by Auden Schendler, via EDC Magazine
Sometimes a failure can arrive disguised as a success. For example, DDT. The A-bomb. “Don’t Ask, Don’t Tell.” The Industrial Revolution (if it ends up destroying civilization with runaway climate change). Highly profitable energy efficiency.
Wait—energy efficiency? Isn’t that what’s going to help save humanity?
Well, yes. Efficiency is one of the key climate solutions, according to virtually anyone thinking about the problem. Joe Romm, of the blog “Climate Progress,” points out that it’s cheap, easily and rapidly deployable, abundant, and therefore arguably the biggest carbon-free resource we have. Studies confirming this abound, whether from Mckinsey or PricewaterhouseCoopers.
So how can energy efficiency, especially the really profitable kind, be a failure dressed as success?
Here’s how: Successful energy efficiency programs almost always mean “picking the low-hanging fruit” or “cream skimming.” This means implementing the most cost-effective retrofits—upgrades that offer the largest and quickest return on investment (ROI). This sort of action is praised as “win-win” by consultants. You save tons of energy and money, and do good for the environment. What’s not to like?
The problem is that even though “picking the low-hanging fruit” implies there’s more work to be done (now get the higher stuff!), nobody ever gets the ladder. Progress typically stops with the out-of-the-park home run project that was almost too good to be true, like a lighting retrofit. The result is that only the highest ROI projects comprise the entirety of an organization’s or household’s energy efficiency program, achieving, say, 5 or 10 percent of the total available carbon footprint reductions (if you’re lucky) and leaving the rest on the table.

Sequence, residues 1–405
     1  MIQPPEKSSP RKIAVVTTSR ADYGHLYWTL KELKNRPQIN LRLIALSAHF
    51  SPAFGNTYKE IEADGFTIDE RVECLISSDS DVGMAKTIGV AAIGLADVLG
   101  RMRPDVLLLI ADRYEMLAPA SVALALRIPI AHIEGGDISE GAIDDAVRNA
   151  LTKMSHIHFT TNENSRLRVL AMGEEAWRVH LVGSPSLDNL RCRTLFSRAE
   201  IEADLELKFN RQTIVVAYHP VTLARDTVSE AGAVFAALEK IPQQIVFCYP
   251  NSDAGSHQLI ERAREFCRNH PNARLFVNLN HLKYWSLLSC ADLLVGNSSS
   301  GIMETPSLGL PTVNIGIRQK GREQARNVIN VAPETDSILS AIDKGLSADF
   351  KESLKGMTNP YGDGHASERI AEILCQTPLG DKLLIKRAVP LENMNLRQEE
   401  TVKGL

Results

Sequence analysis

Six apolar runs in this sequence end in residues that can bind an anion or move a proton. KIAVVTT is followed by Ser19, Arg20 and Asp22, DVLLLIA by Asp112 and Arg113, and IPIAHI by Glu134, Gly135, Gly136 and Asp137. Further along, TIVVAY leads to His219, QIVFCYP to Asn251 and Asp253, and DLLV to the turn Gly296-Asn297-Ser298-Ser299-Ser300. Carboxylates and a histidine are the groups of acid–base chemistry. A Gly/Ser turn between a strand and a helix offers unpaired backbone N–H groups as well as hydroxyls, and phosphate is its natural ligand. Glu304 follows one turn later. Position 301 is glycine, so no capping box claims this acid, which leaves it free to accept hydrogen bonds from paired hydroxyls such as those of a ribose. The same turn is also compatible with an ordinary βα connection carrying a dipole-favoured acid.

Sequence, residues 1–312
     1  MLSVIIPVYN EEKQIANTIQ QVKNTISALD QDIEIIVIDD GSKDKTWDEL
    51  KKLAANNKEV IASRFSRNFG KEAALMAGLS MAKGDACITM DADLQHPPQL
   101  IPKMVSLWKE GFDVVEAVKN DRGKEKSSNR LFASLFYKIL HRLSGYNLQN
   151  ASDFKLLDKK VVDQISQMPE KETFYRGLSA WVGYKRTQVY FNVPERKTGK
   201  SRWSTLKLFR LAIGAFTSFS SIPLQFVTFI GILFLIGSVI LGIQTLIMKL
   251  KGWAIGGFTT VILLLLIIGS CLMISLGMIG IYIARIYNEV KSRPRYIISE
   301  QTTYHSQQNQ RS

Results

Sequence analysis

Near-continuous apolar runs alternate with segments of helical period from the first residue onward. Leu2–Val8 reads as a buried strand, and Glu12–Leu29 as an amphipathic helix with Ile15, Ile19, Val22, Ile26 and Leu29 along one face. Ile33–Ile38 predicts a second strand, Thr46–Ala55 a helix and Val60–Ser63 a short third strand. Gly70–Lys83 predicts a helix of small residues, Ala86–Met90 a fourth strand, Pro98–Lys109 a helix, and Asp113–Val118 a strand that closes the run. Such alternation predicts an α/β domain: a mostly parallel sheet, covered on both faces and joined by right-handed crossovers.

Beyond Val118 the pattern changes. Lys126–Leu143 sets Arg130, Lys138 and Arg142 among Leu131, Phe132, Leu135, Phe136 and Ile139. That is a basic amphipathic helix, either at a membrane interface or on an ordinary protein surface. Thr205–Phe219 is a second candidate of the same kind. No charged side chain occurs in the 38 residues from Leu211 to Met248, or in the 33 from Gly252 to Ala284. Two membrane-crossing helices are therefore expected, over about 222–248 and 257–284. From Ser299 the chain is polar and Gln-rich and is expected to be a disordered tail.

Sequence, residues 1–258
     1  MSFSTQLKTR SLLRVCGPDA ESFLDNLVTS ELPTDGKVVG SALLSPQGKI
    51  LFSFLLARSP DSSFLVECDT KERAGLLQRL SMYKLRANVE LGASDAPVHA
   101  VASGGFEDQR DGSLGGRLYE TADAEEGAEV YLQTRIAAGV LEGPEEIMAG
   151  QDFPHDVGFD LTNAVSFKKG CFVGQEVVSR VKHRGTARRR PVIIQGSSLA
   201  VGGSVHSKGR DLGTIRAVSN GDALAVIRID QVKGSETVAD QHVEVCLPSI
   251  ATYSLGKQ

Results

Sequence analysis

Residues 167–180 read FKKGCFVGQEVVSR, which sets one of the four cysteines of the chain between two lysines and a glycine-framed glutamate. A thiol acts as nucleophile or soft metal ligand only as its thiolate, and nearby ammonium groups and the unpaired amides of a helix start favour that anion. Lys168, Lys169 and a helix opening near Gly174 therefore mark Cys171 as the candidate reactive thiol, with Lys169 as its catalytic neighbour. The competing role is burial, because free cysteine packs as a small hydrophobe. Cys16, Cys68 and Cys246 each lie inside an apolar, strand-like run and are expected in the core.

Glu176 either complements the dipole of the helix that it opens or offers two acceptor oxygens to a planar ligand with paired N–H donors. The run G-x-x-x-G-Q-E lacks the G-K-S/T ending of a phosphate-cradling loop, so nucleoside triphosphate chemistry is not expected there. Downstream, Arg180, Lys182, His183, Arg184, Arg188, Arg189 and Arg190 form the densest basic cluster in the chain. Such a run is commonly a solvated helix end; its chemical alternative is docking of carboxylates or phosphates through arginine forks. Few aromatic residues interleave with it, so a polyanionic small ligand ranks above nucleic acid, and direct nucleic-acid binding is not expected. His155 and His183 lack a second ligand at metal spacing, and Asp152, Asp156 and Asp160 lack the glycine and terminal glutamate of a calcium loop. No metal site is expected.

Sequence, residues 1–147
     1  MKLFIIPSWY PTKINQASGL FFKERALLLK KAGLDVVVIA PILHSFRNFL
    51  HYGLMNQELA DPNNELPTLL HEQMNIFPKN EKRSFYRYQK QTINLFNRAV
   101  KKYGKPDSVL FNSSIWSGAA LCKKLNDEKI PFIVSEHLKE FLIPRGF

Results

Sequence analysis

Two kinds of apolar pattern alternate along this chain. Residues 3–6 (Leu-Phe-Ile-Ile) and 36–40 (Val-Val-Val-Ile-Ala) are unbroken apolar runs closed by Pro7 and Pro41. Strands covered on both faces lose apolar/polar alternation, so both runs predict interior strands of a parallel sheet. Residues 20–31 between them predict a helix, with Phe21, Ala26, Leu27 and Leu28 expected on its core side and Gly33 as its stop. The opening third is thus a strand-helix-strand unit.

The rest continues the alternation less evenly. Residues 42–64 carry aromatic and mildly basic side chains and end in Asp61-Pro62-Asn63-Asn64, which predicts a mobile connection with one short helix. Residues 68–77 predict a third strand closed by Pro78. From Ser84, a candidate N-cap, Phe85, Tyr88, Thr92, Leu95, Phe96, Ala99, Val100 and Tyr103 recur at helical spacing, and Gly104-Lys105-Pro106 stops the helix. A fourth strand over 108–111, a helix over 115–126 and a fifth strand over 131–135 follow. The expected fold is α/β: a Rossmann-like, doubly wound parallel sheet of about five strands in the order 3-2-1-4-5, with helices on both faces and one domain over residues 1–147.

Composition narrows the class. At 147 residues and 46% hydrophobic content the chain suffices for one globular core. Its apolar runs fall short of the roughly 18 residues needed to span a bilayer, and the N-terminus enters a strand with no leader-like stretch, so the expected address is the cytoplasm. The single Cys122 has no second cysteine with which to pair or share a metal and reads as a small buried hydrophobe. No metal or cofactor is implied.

While climate scientists tell us we need to cut CO2 emissions 80 percent globally by 2050 if we hope to stabilize warming, our energy efficiency efforts typically stop at a fraction of their full potential. The result: While property owners save money, help reduce emissions and get great PR helping to “save the planet,” collectively we fail in the ultimate goal of stopping or abating climate change. This state of affairs remains true even though many leaders know that runaway warming will hurt their business or community, or could eventually render them unviable.
This cream skimming problem has been documented by The American Council for an Energy Efficient Economy’s 2009 Survey of Corporate Energy Efficiency Strategies, which showed an average corporate energy savings target of 20 percent: “Simple payback criteria were mostly three years or less, though two were as high as five years.” Even at five years, that’s the definition of cream skimming.
Cream skimming isn’t all bad. I’ve argued that purely cream-skimming projects can sometimes help grease the skids for future, bigger energy efficiency work by educating how incredibly profitable efficiency can be. After a few successes, managers might as well happily move forward with deeper (and typically lower return and longer tenor) investments.
But my experience suggests that while that may happen sometimes, the mainstream reality is less rosy. In fact, picking the low-hanging fruit, while cutting emissions and creating great PR, actually hurts deeper sustainability and prevents firms, governments and households from undertaking more comprehensive efficiency.
Why it Can Be Harmful